Best ever. Never another potato latke in this kitchen! Followed recipe to the dot. Having no matzo, made my own. So easy, much nuttier fresh taste than purchased. Forget draining on paper towels: these were so greaseless that we tossed them back as they came off griddle - just a bit of sour cream or yogurt. Such a mass of veggies: for easier mixing, combine eggs, salt, pepper and parsley before adding to veggies. Leftovers? Duck fat fried latkes for dinner. Thanks, Steph, for schmaltz tip.


Rutabaga (from CSA)Parsnip (from CSA)Panko instead of matzo meal


I made these today exactly as written with one exception: I had no matzoh meal on hand so subbed one-for-one with panko bread crumbs. Really delicious! The family loved these. They didn’t need as much oil to fry them up as the potato variety. A great twist benefit of more fiber. These will be my new go-to when I’m craving latkes but would rather avoid the starchier potato variety - thank you, Melissa!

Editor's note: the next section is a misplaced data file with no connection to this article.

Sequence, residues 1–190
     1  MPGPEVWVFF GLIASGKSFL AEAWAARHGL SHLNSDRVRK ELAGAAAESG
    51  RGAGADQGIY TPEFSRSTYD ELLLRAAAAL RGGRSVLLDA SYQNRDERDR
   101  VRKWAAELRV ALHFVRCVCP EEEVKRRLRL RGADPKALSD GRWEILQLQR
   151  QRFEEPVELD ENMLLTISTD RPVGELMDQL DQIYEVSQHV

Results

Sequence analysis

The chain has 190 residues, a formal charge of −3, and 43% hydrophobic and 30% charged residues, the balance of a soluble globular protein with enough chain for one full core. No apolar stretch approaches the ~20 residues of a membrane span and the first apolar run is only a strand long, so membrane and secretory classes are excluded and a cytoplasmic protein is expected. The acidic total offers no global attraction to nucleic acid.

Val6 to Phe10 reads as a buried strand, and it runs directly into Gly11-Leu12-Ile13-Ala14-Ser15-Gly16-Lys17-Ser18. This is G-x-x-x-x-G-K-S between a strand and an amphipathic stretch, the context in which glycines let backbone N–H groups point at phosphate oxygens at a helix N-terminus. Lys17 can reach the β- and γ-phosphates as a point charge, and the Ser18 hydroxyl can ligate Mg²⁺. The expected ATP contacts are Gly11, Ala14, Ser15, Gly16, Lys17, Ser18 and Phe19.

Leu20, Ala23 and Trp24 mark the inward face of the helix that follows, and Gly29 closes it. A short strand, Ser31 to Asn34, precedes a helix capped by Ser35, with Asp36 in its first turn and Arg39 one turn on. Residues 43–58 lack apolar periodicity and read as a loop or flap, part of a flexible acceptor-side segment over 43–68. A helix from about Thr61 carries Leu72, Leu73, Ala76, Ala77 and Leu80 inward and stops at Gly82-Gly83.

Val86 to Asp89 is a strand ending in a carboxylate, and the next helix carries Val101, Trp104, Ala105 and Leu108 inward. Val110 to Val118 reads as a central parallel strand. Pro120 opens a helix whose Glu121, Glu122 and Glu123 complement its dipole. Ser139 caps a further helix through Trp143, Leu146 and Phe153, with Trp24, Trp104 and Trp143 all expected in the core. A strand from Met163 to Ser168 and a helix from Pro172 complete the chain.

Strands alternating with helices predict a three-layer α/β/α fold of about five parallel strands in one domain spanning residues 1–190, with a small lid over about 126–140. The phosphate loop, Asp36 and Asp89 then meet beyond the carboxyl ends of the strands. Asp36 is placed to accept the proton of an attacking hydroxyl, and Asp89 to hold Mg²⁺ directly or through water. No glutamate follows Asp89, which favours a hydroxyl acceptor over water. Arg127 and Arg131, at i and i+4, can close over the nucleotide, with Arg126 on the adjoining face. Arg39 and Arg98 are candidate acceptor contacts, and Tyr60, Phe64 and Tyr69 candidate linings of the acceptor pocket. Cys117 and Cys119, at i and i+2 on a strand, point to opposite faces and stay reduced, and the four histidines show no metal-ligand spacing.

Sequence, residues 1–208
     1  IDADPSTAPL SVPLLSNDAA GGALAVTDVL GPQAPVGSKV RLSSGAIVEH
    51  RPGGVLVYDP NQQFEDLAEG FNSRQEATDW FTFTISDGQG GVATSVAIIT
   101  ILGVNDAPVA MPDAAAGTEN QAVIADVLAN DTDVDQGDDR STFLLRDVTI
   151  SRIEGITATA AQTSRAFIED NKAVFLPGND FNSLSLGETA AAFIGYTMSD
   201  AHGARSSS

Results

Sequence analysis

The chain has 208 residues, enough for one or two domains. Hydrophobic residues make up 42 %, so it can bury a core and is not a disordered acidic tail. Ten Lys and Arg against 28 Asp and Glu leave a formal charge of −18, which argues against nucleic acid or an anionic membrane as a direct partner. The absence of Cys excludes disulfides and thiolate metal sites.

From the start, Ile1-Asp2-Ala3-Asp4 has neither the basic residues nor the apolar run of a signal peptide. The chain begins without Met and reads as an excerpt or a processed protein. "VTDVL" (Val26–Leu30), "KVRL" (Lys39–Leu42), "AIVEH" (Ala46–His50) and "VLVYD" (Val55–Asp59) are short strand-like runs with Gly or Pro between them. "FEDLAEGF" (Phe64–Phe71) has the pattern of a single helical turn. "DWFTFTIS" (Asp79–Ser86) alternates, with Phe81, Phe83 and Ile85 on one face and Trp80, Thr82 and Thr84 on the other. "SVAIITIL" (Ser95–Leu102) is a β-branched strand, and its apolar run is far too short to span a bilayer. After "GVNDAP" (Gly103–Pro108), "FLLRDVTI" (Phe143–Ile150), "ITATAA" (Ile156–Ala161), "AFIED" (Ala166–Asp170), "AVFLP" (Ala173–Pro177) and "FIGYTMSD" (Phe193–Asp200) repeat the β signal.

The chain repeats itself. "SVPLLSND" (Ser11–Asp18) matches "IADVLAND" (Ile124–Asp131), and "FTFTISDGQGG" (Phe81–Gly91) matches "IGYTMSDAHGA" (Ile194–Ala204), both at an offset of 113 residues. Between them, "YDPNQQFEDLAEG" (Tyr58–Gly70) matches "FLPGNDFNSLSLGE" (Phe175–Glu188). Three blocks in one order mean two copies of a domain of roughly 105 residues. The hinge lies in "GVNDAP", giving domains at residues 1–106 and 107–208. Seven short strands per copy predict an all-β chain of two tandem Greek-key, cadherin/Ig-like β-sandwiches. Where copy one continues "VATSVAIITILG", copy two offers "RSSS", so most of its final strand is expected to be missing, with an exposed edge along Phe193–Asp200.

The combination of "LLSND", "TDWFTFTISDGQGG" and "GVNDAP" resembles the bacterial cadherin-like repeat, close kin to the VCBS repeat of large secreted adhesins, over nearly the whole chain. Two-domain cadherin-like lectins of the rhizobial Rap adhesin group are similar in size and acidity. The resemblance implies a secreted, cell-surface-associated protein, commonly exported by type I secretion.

Better than potato! And kids loved them.


Made these tonight subbing plain bread crumbs for matzo meal. They were delicious. This is a recipe I will return to.


I made this dish with some intentional and accidental substitutions: rutabaga instead of celery root, rice cracker meal instead of matzah, cilantro instead of parsley, This was my first time making latkes. They were outstandingly delicious! I did freeze a lot (uncooked) so I can look forward to more tomorrow! Thanks for the recipe!


These were both easier and faster than traditional potato latkes. My husband and even some potato-loving friends agreed. I think these will become my staple.


Make and freeze

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Celery Root-Parsnip Latkes Recipe (2024)